|About the Book|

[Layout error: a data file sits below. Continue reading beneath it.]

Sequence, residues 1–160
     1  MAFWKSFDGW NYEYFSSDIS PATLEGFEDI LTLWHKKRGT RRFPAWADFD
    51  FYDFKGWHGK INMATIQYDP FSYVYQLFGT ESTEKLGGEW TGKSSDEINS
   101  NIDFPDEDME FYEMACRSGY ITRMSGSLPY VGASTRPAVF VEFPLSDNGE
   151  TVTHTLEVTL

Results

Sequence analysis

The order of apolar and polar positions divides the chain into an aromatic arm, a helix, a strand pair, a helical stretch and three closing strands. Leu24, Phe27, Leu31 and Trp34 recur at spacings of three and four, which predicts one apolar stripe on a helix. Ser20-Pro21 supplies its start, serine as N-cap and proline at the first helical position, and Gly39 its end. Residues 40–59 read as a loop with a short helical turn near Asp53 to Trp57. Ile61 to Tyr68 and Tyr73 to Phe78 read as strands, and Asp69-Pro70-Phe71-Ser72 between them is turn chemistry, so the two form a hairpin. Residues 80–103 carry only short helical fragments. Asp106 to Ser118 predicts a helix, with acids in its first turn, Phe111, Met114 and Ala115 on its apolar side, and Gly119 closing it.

This official U.S. Marine Corps history provides unique information about an important aspect of the Korean War. Subjects covered in this history include: the 1st Marine Division- Major General Oliver P. Smith- Seoul/Wonsan campaign- aerial medicalMoreThis official U.S. Marine Corps history provides unique information about an important aspect of the Korean War. Subjects covered in this history include: the 1st Marine Division- Major General Oliver P. Smith- Seoul/Wonsan campaign- aerial medical evacuation- close air support in the recapture of Seoul- marine combat vehicles- Bushmaster- 1950 street fighting.Here is an excerpt:Late on the afternoon of 24 September 1950, Captain Robert H. Barrows Company A, 1st Battalion, 1st Marines, secured the military crest of Hill 79 in the southwest corner of Seoul, the enemy-occupied capital of the Republic of South Korea.This momentous day for Barrow and his men began with a nerve-wracking crossing of the Han River in open-hatched DUKWs, the ubiquitous amphibious trucks of World War II. Debarkation on the north shore had been followed by an unorthodox passage of lines on the fly of the regiments lead battalion and the subsequent high-tempo attack on Hill 79. Now the rifle company assumed defensive positions on the objective, the men gazing in awe at the capital city arrayed to their north and east, sprawling virtually to the horizon. Thousands of North Korean Peoples Army (NKPA) troops lay waiting for them behind barricades or among countless courtyards and rooftops. Tens of thousands of civilians still clung to life in the battered city. The Marines were a very long way from the barren beaches of Tarawa or Peleliu. Even smoking Inchon, their amphibious objective 10 days earlier seemed far distant. Seoul would represent the largest objective the Marines ever assailed.Earlier that day Colonel Lewis B. Chesty Puller, commanding the 1st Marines, issued a folded American flag to be raised on the regiments first objective within the city limits. Barrows battalion commander gave him the honor as the point company in the assault. The time was right. Barrows men attached the national colors to a pole and raised them proudly on a rooftop on Hill 79. Life magazine photographer David Douglas Duncan, himself a Marine combat veteran, captured the moment on film. The photograph proved unremarkable—Hill 79 was no Mount Suribachi—but it reflected an indelible moment in Marine Corps history. Seven weeks earlier the 1st Marine Division was a division in name only. This afternoon a rifle company from that hastily reconstituted division had seized the first hill within occupied Seoul while all three regiments converged inexorably on the capitals rambling perimeter.